“Lora,” he said about halfway through the audition, not looking up from the papers he was writing on and taking me completely by surprise. “Why don’t you come on down here?” As a walking bundle of nerves, I shuffled up to the masking tape “x” where I was to stand in front of the table, each of the four decision-makers seated there rifling through their papers to find my audition sheet. The choir room had a lot of windows, one of the few rooms in our dreary high school to have such a luxury, but now I was cursing them. They made the room feel too clinical, and I could just feel that the light crashing through them was highlighting my every imperfection. I had taken one last giant swig of water from my water bottle before traipsing to the front of the room, but already my mouth was dry and cottony. I opened and closed it a few times before deciding to do what I did best and make a joke about my weight.
“Well, I know that if this was Beauty and the Obese, I’d definitely be getting this part.” Three of the people at the table laughed, but not the director. He had heard me make this very same joke just that morning, in his class. He smirked an evil smirk, knowing that I was nervous, or at the very least desperate. Knowing him, he knew the exact person he wanted to cast in this role even before he sat down to audition us all. I also knew that I wasn’t the person he had in mind. If I were to get that role, it would be only because my audition changed his mind.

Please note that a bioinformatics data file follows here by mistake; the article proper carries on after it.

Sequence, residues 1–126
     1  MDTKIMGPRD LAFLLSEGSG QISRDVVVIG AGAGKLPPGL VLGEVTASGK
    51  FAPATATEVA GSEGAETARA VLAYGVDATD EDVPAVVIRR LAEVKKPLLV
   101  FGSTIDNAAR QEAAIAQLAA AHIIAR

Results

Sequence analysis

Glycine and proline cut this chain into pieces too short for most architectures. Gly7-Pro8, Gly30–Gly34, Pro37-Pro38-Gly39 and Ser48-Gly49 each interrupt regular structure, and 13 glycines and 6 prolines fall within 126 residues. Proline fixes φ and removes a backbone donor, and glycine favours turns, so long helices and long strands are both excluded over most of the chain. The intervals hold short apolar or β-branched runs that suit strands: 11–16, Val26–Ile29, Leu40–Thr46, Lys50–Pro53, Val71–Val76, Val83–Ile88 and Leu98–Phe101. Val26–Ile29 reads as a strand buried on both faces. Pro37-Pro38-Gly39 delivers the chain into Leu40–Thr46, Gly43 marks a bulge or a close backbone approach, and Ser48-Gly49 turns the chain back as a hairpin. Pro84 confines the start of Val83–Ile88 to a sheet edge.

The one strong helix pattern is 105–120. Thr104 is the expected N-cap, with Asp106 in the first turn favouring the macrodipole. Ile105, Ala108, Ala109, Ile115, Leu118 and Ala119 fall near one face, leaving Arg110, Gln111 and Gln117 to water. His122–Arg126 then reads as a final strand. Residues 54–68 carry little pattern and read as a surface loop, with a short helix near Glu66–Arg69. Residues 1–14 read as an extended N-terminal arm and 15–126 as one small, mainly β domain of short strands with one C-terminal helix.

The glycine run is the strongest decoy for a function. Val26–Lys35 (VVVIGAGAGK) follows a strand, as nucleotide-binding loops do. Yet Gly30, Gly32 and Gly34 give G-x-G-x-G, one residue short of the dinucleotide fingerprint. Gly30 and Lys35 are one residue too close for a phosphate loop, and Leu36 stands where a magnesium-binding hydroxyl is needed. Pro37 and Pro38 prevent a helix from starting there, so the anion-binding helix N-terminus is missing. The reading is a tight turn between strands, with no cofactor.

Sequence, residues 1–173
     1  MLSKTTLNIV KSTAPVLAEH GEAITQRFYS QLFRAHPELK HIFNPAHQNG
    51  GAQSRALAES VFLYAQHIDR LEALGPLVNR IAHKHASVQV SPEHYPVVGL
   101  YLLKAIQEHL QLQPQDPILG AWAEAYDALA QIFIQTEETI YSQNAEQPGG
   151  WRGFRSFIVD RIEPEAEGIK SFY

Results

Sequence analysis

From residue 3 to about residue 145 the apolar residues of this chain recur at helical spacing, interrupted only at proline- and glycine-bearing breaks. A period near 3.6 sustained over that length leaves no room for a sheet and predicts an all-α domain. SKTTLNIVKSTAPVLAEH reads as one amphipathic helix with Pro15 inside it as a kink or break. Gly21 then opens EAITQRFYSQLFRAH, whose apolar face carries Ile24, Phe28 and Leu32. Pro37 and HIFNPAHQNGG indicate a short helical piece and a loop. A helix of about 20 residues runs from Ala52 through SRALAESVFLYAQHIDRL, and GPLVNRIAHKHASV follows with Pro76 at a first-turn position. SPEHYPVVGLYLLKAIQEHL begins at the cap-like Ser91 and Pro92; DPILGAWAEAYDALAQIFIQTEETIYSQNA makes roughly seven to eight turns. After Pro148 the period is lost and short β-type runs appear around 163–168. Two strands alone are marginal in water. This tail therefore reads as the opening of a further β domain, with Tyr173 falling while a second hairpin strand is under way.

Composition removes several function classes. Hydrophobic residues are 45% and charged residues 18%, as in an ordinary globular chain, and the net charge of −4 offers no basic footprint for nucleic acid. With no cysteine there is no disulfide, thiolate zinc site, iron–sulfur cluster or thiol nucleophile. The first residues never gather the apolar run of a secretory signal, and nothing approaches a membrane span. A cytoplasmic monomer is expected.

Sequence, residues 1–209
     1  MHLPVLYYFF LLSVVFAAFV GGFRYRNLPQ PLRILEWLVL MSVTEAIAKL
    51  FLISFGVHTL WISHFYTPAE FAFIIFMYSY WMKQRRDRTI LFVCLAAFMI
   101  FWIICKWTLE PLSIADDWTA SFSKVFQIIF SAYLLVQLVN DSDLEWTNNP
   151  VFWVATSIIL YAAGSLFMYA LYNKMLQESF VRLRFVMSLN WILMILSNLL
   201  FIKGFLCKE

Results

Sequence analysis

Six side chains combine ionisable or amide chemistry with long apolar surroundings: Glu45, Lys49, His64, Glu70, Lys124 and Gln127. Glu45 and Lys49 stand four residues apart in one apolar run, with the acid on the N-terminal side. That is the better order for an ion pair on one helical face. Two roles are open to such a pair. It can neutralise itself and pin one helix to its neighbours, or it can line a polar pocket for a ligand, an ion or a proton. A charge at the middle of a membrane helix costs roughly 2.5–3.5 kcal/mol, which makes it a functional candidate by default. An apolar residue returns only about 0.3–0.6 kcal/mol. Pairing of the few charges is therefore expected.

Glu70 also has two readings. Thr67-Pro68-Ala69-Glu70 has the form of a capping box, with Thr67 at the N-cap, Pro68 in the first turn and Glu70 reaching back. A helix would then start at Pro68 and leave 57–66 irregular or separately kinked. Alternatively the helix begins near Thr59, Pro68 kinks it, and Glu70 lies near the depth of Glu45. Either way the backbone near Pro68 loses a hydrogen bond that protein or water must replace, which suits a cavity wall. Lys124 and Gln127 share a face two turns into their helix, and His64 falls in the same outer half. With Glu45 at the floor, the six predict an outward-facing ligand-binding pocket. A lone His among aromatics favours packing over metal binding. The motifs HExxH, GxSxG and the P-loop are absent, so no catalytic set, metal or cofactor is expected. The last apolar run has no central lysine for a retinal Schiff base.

“What part are you trying out for?” one of the other three teachers asked.
“The Wardrobe,” I said. I tried to be professional, keeping my head high and my eyes fixed on theirs.
“Whenever you’re ready,” someone said. Behind me was the grand piano, where one of the vocal coaches who taught theatre students sat, ready to play accompaniment. Another strike against me was the fact that she was the director’s preferred voice teacher, and I took lessons from someone else. My coach was slightly more interested in letting her students try various vocal styles, not just Broadway, which as someone who enjoyed jazz and classical singing, I appreciated. However, the other coach taught the students who got the parts. It was obvious who the favorites were here.
I glanced back at this woman, poised at the piano keys, confident in the knowledge that her students would be walking away with the peachy parts today, and gave a nod, signaling that I was ready. Ready as I would ever be for possible humiliation.
A few bars were played before it was my time to come in, and I started off strong. I hammed it up and tried to gesticulate as much as possible, allowing my face to strike a series of ridiculous, yet appropriate, poses. As hard as I had been practicing (and not just for this song, but for my entire vocal career), I still found it hard to be a loud singer. Suffice it to say that that audition was the loudest I’d ever sung up until then, and it still wasn’t loud enough. This I was well aware of even as I was singing, and I did my best to force out my voice and amplify it, but it just didn’t come naturally. What I didn’t have in volume, though, I tried to make up for with flair.